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gardening tips

Each month we remind you what to do, what to plant, and how to enjoy your central east coast Florida garden…

what to do in your garden in September

Vegetable seeds can be started now for your fall garden. Consider sowing them in peat or coir pellets; plant the entire unit when the seedlings have reached a good height.

When you prepare your vegetable and flower beds, be sure to add a generous amount of organic matter into your sandy soils. Peat moss, manure, mushroom compost, and compost are all great soil amendments.

Monitor your lawn for signs of insect and fungus damage, which could be made more persistent by the recent rains. Bring in samples if you’re not sure how to treat for damage.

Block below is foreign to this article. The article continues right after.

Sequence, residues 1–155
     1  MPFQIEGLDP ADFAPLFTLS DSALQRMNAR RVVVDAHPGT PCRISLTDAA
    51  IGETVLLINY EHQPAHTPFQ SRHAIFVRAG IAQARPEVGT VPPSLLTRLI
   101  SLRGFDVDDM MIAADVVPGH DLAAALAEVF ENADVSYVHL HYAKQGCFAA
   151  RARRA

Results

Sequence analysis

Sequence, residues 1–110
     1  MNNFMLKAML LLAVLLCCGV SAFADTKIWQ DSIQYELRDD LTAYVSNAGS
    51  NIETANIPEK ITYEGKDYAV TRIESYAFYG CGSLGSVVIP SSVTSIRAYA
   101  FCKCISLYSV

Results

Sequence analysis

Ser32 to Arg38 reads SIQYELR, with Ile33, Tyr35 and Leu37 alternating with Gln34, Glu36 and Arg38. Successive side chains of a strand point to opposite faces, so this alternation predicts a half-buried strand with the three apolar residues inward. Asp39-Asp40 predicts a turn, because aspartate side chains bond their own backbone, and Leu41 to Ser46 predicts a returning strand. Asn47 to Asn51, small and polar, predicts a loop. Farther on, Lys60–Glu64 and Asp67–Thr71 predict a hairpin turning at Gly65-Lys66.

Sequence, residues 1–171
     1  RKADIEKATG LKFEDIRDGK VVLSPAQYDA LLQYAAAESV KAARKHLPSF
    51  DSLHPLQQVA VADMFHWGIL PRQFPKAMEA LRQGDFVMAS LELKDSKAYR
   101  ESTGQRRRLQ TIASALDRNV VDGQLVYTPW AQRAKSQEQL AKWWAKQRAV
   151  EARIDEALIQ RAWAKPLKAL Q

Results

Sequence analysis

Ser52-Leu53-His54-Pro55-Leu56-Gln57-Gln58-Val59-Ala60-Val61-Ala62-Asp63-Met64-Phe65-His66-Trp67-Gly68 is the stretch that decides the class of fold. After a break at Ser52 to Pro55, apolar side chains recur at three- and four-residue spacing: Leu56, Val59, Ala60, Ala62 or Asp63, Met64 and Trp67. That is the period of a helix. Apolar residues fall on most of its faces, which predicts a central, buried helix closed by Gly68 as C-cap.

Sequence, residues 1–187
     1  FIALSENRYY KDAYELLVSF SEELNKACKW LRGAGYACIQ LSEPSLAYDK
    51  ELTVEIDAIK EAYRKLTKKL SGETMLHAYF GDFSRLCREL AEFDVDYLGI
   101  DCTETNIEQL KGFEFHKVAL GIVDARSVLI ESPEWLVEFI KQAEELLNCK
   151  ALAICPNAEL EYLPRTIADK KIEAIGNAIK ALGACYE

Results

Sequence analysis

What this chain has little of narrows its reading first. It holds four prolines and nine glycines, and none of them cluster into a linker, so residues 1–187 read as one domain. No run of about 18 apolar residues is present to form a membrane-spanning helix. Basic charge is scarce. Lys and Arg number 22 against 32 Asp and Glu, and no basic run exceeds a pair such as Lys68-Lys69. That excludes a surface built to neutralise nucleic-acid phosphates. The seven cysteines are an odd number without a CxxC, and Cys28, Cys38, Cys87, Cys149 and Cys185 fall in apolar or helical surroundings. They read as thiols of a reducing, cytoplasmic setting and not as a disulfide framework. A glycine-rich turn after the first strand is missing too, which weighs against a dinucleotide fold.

It’s a terrific time to plant citrus trees. Be sure to give your trees plenty of room to grow; mature citrus can reach 30 feet tall and wide! If you plan properly you can enjoy fresh fruit from October through March, with early-, mid-, and late-season varieties.

Prune back citrus limbs that have grown out of control. Be sure to remove any dead wood from trees.

Remove seed pods from your crape myrtles to enjoy one more bloom cycle this month.

Annuals and perennials to plant this month include begonias, blue daze, bush daisy, buttercup, coleus, cosmos, gaillardia, guara, lysimachia, melampodium, pentas, plectranthus, salvia, sweet potato, and zinnia.

eggplant
September spotlight

Vegetables and herbs to plant this month include basil, beans, collards, coriander, corn, cucumber, eggplant (above), fennel, kale, marjoram, mint, mustard, onions, peas, peppers, radishes, rosemary, sage, squash, thyme, and tomatoes.